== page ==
“There’s hardly a person in the West who would want to be gay if they were asked, because it’s so not normative, so othering,” he says. “The only reason you fight to accept yourself and challenge the norm is because you don’t have many choices.”

Though Greenberg can’t pinpoint when he knew he was gay, he remembers his childhood and teenage years being spotted with confusing emotions and sensations. He detailed some of his journey in an article in Tikkun magazine in 1993, written under the pseudonym of Rabbi Yaakov Levado (Hebrew for “alone”).

When he was about 15, Greenberg, whose family is Conservative, began studying with an Orthodox rabbi and found himself enthralled by the rich texts and traditions.

He attended Yeshiva University as an undergraduate and then as a rabbinical student. When he was 20, he studied at the prestigious Yeshiva Har Etzion outside of Jerusalem, where he was attracted to a fellow student. Concluding he was bisexual, Greenberg decided to approach Rabbi Yosef Shalom Eliashuv, a respected rav in Jerusalem.

“Rabbi,” he told the elderly man, “I am attracted to both men and women.”

To Greenberg’s amazement, the rabbi responded, “You have twice the power of love. Use it carefully.”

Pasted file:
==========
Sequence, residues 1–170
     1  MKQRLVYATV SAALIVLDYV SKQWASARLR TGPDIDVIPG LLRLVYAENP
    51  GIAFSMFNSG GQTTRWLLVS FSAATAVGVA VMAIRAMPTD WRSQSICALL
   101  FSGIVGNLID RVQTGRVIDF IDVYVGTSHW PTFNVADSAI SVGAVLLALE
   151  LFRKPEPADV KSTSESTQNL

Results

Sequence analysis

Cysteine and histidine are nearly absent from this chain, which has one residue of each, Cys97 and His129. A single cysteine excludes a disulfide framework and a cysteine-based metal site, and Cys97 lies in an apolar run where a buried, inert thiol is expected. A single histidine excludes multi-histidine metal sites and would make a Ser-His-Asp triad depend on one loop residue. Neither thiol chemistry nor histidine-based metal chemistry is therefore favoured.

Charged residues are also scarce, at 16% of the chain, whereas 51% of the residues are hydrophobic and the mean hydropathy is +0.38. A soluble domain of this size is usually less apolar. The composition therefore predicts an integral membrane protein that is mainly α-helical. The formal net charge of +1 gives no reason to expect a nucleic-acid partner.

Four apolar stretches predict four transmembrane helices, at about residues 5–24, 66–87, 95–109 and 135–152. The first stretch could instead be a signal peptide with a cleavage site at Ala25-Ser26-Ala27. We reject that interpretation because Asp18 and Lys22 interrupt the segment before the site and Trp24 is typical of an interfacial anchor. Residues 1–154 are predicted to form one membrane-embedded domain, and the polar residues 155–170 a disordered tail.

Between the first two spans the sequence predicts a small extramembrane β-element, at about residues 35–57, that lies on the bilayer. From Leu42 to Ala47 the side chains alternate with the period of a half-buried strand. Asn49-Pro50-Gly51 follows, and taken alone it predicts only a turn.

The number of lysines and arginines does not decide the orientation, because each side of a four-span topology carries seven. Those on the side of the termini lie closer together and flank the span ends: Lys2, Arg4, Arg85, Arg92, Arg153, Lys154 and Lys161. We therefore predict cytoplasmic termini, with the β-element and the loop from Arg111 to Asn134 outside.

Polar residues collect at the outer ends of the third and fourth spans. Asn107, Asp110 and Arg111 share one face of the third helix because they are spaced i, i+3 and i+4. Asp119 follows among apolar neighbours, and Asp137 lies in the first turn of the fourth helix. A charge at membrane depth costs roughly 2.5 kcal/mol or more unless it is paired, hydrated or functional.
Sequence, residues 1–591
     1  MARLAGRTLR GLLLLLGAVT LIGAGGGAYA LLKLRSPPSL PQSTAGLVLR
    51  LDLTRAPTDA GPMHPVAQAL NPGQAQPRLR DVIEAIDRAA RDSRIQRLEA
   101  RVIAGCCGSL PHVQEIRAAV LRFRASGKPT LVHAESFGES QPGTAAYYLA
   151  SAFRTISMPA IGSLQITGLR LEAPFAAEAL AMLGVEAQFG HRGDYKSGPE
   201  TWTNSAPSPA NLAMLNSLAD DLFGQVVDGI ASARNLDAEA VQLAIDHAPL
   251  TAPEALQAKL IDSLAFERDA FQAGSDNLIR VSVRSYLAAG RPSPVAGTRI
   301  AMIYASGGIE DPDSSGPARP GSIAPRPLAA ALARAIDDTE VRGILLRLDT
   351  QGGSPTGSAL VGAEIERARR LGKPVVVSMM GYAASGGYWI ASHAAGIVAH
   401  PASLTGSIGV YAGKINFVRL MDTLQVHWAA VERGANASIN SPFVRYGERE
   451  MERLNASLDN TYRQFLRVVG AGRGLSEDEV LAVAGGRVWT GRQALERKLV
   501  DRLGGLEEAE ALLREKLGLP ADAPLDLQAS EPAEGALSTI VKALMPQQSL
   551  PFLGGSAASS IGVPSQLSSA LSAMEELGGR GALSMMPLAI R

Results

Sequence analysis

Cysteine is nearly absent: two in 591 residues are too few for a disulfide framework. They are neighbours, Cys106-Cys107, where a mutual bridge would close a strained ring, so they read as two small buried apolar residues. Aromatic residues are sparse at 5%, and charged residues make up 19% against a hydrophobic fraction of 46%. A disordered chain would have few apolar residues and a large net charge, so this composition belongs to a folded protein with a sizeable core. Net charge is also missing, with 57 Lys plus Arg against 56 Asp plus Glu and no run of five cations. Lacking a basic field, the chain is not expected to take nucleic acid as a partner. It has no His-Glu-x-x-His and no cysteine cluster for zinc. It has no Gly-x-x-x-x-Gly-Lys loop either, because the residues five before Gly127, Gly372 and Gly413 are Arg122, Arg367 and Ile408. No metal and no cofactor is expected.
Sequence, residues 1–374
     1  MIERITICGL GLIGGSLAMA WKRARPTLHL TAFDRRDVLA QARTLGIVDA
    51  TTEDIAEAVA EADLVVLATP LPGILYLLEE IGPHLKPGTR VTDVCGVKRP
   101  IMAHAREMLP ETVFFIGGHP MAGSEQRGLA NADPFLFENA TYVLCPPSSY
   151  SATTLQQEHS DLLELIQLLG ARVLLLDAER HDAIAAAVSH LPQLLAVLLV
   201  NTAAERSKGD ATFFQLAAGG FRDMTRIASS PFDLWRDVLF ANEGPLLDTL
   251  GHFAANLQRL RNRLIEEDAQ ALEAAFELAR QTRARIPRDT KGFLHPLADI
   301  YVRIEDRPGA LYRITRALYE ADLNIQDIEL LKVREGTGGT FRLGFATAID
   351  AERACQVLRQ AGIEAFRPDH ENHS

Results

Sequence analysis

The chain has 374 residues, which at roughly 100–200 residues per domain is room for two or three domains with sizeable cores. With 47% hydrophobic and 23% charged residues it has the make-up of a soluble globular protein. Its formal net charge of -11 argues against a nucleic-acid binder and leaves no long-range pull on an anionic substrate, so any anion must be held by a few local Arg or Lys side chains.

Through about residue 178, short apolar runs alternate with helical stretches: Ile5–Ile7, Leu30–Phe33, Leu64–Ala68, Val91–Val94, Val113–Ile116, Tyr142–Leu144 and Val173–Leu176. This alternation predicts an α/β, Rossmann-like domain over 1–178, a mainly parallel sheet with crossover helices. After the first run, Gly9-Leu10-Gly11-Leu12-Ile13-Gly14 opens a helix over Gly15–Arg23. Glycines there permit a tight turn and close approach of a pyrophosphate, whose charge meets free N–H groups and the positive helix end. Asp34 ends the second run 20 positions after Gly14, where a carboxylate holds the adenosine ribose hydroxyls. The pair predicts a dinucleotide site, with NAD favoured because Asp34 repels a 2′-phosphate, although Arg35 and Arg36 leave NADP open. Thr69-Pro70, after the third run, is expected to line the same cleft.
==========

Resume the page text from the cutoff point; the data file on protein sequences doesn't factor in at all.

While Eliashuv’s students recently responded to this story saying the rabbi never said such a thing, Greenberg says those students issued that response without asking the rabbi. And, he says, the words are deeply etched into his memory.

“A weight was lifted off me, to think that whatever this was, it was a richness of spirit,” Greenberg says. “He wasn’t permitting me to have sex with men, he was telling me that my desire was not ugly in and of itself.”

Greenberg, who was ordained in 1983, did not admit he was gay until he was 28, and still he continued to date women for another seven years.

“I was still trying to make it work. I was so motivated for a family and children and a life — for being part of the flow of humanity, which is so appealing,” Greenberg says. “It’s a center of real hurt in my life that it didn’t work out that way. But that hurt doesn’t justify a life of deep, deep self-deception and deception of others.”

‘If You’re Gay, Get Out’

While living in Israel the past two years, Greenberg decided to come out publicly in the national daily newspaper, Ma’ariv. He timed the article to coincide with the early March opening of the Jerusalem Open House, the first community center for gays and lesbians in Jerusalem, which he helped found.

The center includes a clandestine support group for haredi youth, and a group calling itself the Orthodykes. In New York, the Gay and Lesbian Yeshiva Day School Alumni Association meets monthly.

Greenberg says many Orthodox youth who think they are gay are encouraged to marry anyway, at least to start a family, even if it ends in divorce. “The cruelty in that is unthinkable to me,” Greenberg says incredulously.

Others are encouraged to hide their gayness or remain celibate, condemning them to a life of lovelessness, he laments. In some cases, gay youths are simply told to leave the family, for their presence in the community is just too jarring.